What a man. What a heart. What a history.
Sidney Poitier was THE FIRST black man to explore many new grounds that no black man had walked before him. THAT simple fact catapulted Poitier into the spotlight of millions of black and white people during the sixties.
This exquisitedly made documentary (produced by long time friend and admirer Oprah Winfrey) focusses primarily on the roaring sixties, when alongside the rise of the civil movement his star rose to great heights on the silver screen.
The one thing that was most astounding to me though, was the story of his early childhood. He grew up without knowing what electricity or running water was. Without ever having seen a mirror. Coming to America was a tsunami of impressions, which forever molded his beliefs and goals in life. And he did all that in honor of his mother and father.
This is not some sentimental tearjerker story, no way, the guy really (and I mean really) HONORED his mother and father. As the youngest of the family he watched every move his parents made and how they interacted with others. His parents were his filmschool for life...
Highly recommended for any Sidney Poitier fan!
It is a nonstop, goosebump ride through the history of America and Sidney Poitier was the ever gentleman like and benevolent messenger, who all showed us what dignity and respect was. Besides being a marvellous actor!
Biography / Documentary
Biography / Documentary
Sidney Poitier was one of the most gifted and talented actors in the history of cinema. He set a new standard for Black actors in Hollywood as a leading man, becoming the first Black man to win the Academy Award for Best Actor for his performance in Lilies of the Field (1963). He acted in the Golden Age of Hollywood, became a key figure in the civil rights movement, served as a diplomat, and directed and produced highly successful films. Through it all he became husband to two wives, the mothers of his six daughters. Sidney the documentary takes viewers through the life and career of Sidney Poitier in his own words, through narration captured in an in-depth interview conducted by producer Oprah Winfrey, and in the words of his family, friends and those whose lives he influenced most.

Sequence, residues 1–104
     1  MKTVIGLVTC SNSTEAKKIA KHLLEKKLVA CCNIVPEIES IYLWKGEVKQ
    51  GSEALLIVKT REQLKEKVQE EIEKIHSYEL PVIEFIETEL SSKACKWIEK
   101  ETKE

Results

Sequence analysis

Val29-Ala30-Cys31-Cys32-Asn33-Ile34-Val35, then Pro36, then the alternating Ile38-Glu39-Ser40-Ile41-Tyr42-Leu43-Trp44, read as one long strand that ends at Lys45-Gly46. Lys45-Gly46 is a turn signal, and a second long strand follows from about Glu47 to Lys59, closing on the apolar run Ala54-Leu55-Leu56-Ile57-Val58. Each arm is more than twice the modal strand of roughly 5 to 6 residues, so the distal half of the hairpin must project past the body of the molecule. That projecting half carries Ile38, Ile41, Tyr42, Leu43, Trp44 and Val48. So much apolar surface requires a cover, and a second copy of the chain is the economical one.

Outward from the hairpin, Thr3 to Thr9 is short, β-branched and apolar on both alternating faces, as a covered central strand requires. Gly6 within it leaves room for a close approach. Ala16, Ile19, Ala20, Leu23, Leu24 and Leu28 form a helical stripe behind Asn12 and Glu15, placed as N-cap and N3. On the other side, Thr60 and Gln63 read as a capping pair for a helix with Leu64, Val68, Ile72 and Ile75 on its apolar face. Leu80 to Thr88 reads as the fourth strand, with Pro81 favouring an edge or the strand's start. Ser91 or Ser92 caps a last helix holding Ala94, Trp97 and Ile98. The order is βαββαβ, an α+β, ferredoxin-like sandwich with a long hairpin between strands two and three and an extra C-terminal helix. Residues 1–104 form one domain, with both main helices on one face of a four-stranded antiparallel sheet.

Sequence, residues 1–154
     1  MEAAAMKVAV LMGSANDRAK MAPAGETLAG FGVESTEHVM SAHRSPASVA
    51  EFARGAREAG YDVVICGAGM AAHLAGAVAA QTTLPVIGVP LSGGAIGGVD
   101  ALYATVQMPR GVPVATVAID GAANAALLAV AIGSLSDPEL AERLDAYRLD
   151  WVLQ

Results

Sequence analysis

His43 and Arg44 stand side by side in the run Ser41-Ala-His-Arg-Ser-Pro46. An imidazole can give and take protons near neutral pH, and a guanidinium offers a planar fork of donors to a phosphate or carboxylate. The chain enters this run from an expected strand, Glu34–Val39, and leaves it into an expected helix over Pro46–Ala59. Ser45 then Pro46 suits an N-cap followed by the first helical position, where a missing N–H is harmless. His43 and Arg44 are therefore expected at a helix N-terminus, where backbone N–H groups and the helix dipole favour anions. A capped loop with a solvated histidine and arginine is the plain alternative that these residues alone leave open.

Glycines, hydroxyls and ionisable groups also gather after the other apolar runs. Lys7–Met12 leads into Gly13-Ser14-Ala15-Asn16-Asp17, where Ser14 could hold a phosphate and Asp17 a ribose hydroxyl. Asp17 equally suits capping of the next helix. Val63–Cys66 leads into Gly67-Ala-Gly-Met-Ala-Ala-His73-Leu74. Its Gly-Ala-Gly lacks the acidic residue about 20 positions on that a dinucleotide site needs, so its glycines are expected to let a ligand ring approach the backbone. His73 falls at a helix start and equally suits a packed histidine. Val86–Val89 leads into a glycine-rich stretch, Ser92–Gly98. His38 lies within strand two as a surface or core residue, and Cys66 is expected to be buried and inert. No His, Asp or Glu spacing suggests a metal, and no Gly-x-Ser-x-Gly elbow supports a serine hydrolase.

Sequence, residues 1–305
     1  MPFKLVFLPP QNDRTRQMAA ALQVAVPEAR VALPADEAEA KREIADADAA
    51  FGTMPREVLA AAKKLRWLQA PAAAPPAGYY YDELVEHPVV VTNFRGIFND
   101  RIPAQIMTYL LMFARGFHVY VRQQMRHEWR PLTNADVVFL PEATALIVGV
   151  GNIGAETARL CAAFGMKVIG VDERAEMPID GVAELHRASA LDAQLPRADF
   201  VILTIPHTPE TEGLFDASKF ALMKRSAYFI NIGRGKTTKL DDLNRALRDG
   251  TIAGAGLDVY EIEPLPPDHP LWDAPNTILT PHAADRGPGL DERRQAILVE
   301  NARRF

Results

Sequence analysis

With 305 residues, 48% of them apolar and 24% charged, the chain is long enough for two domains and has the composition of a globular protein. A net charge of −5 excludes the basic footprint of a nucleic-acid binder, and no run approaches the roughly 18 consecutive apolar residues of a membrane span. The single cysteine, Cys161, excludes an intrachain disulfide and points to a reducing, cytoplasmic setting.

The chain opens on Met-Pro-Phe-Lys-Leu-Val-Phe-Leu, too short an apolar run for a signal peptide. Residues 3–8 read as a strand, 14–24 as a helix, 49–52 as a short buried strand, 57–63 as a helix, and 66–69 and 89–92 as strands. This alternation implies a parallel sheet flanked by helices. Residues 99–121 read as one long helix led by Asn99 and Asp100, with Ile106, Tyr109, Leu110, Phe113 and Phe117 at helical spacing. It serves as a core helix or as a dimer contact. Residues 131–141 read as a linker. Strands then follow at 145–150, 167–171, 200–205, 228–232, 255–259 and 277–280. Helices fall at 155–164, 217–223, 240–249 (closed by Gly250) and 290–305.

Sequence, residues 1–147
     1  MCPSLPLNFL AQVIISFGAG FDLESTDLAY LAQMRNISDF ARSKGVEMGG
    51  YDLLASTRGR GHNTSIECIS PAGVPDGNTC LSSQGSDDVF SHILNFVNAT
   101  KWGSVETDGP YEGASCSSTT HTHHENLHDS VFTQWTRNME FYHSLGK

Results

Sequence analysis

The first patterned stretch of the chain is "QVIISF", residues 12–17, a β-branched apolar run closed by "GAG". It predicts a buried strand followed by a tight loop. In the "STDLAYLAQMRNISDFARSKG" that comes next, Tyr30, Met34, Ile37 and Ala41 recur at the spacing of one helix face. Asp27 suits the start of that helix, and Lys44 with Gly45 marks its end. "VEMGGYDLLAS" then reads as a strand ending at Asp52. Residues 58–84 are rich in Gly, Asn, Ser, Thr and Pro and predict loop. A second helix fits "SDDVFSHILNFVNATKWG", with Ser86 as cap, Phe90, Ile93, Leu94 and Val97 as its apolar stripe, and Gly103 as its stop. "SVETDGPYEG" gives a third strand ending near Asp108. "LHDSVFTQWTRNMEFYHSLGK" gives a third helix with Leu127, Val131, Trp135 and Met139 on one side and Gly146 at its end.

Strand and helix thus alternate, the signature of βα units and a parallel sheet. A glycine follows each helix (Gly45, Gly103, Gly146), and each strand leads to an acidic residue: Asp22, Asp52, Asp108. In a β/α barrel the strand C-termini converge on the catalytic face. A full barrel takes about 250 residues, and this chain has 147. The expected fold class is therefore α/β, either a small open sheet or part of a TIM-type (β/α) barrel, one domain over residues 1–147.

September 26, 2022 at 05:18 AM
Tech specs720p.WEB 1080p.WEB 2160p.WEB
Denzel Washington, Oprah Winfrey, Spike Lee and Quincy Jones pay a wonderful tribute to Sidney Poitier.
What a man. What a heart. What a history.
Old fashioned documentary on a great subject
Sidney Poitier was a great actor and a great man, so I was very much looking forward to this movie, especially given some very positive reviews.
The documentary 'Sidney' is fascinating when Poitier is on screen, being interviewed for this project or in the extensive archive footage.
However it is intensely irritating when some random celebrity comes on screen to tell us what we've just heard, or explain the obvious.
I don't mind the views and anecdotes from his family or people who actually knew him, but there were too many unnecessary talking heads delivering exposition that had obviously been scripted by the production.
Outstanding and so much more than you might think
Like many "white people," I fell in love with Sidney. How could you not? He was extremely good-looking, a dazzling smile, a dynamic presence on the screen, and just explosive and surprising with every turn. Watching a film with him in his glory days was a thing of beauty.